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The Perils of Repaying Creditors in the Run-up to Bankruptcy

Medical bill and insurance form with calculator

Let’s say you’re considering bankruptcy, because you’ve got enormous credit card debt and medical bills. You’ve also borrowed a few thousand dollars from family and friends. You need to discharge the debt, or you’ll never turn your finances around. But while you’re okay with taking a hit to your credit score and living without credit cards in the near future, you’d feel guilty asking the court to discharge what you owe your family and friends. What can you do?

One thing you must not do is repay your family and friends and then declare bankruptcy. This would not only look bad; such transactions, called preference transfers, are reviewable by the bankruptcy court. In fact, the bankruptcy trustee has the power to unwind preference transfers, recovering the money from your friends and family and putting it back into your bankruptcy estate for distribution to your creditors.

The reason preference transfers are illegal is because the bankruptcy process treats similarly situated creditors equally. As far as the law is concerned, personal loans, credit card balances, and medical bills are all unsecured debt, and one creditor should not be favored over the other. The court has the power to review and unwind payments made ninety days prior to your bankruptcy filing for most of your creditors, but can look back as far as one year for insiders, those friends and family members with whom you have a special relationship.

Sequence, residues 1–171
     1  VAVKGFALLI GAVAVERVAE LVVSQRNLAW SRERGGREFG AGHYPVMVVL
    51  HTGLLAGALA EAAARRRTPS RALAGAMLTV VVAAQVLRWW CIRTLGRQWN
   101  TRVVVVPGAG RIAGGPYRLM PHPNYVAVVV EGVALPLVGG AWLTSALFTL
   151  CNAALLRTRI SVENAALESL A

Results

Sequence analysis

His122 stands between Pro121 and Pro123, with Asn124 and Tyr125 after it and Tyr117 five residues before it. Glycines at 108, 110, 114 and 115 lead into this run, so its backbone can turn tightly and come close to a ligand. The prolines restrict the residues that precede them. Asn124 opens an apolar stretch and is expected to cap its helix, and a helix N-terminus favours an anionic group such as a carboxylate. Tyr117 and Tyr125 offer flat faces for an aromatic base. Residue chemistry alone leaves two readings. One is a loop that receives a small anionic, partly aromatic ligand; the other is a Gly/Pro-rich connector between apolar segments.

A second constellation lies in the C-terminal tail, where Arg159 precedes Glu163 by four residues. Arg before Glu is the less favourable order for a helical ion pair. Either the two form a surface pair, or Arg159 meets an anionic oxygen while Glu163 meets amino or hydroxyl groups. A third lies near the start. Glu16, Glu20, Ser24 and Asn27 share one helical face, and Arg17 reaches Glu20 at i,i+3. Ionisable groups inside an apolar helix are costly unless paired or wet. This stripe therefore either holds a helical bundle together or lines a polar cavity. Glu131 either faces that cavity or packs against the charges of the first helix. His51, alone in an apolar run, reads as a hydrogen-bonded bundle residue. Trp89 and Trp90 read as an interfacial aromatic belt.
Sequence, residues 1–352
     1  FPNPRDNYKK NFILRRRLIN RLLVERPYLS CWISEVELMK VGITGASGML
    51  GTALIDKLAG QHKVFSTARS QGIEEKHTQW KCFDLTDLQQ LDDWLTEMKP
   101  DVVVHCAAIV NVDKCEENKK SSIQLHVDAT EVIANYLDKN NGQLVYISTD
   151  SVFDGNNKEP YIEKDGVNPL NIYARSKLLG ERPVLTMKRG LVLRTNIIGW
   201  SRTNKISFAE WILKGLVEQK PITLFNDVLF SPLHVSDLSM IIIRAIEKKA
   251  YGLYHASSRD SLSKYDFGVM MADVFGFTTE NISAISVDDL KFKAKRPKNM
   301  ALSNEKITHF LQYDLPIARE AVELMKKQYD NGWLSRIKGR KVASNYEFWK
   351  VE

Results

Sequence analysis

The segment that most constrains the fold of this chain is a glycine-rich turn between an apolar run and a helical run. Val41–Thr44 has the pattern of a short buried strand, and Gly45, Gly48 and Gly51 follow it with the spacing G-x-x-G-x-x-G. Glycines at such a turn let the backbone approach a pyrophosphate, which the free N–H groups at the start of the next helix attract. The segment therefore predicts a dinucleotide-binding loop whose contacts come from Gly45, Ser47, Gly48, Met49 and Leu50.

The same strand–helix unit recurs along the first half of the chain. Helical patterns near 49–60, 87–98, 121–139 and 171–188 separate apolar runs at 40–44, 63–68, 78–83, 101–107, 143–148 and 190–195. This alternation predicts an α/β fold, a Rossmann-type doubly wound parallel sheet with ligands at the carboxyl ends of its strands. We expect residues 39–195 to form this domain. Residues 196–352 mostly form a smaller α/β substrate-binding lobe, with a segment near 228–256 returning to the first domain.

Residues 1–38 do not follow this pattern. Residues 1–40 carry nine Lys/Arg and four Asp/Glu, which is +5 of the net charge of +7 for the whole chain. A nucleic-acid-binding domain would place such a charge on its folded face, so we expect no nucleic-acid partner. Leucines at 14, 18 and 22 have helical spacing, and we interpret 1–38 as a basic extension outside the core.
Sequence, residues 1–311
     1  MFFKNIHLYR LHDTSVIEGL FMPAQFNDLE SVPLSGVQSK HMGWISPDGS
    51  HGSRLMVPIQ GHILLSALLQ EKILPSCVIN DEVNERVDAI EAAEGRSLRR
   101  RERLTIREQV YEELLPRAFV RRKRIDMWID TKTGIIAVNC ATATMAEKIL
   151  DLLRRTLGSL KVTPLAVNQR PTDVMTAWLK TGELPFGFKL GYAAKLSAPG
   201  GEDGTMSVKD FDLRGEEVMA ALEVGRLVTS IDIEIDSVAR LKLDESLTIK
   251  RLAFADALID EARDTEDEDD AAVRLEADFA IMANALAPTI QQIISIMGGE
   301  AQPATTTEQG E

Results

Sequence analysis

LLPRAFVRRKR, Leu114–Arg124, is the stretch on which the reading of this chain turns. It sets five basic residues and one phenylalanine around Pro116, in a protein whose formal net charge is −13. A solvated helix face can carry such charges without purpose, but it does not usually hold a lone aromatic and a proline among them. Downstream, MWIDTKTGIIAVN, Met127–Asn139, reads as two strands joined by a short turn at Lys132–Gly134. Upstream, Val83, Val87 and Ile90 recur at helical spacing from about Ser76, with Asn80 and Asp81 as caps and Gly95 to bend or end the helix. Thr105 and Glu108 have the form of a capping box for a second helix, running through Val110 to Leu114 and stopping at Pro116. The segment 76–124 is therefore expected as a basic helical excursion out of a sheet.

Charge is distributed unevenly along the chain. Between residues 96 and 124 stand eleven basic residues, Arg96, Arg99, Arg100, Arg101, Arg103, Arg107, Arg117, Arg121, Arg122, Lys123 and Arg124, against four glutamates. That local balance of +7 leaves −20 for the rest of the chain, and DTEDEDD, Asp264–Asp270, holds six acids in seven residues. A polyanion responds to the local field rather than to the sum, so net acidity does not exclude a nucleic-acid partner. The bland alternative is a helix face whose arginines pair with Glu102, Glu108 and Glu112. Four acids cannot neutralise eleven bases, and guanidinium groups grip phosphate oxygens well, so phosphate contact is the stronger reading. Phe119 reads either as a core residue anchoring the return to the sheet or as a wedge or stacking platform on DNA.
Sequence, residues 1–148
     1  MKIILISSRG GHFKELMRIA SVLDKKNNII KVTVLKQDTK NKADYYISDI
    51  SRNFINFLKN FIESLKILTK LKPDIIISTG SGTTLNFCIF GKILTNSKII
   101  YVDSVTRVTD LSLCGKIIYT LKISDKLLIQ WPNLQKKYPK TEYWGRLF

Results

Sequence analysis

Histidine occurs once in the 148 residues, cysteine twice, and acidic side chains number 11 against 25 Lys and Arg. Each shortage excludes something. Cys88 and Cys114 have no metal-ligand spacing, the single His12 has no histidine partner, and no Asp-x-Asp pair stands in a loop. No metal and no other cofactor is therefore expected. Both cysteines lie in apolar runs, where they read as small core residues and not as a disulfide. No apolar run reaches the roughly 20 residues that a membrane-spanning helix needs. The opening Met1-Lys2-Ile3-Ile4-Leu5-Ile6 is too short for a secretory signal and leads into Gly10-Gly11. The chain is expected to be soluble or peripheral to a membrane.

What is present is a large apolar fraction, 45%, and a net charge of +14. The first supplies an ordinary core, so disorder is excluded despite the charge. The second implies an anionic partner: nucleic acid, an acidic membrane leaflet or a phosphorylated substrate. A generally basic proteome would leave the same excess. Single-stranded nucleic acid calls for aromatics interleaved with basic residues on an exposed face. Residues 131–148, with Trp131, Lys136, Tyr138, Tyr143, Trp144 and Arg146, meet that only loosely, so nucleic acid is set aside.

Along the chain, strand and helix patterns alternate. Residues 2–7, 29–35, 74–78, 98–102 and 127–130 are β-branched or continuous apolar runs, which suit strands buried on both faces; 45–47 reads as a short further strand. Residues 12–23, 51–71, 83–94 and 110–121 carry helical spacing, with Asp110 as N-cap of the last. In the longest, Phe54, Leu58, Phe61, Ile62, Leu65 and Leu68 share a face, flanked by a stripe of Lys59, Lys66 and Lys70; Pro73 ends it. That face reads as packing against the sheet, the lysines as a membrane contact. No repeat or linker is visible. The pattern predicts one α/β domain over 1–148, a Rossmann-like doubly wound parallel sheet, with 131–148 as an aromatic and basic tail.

The law also guards against fraud. Since friends and family often loan money without requiring a written contract, there is often no evidence of a loan being made. A bankruptcy filer could claim to be repaying a loan when he is really transferring funds to an insider to hold until the bankruptcy process is over.

There are various strategies for handling personal loans during bankruptcy, and an experienced bankruptcy attorney can help you select the most appropriate one for your circumstances. But in all cases, you want to avoid making a transaction that looks like a preference transfer.

If you’re considering personal bankruptcy, it’s important to realize that some actions you take with the best of intentions can hurt you. Call Miller Law Group, P.C. today at 434-202-5293 or contact us online to make an appointment for a FREE consultation.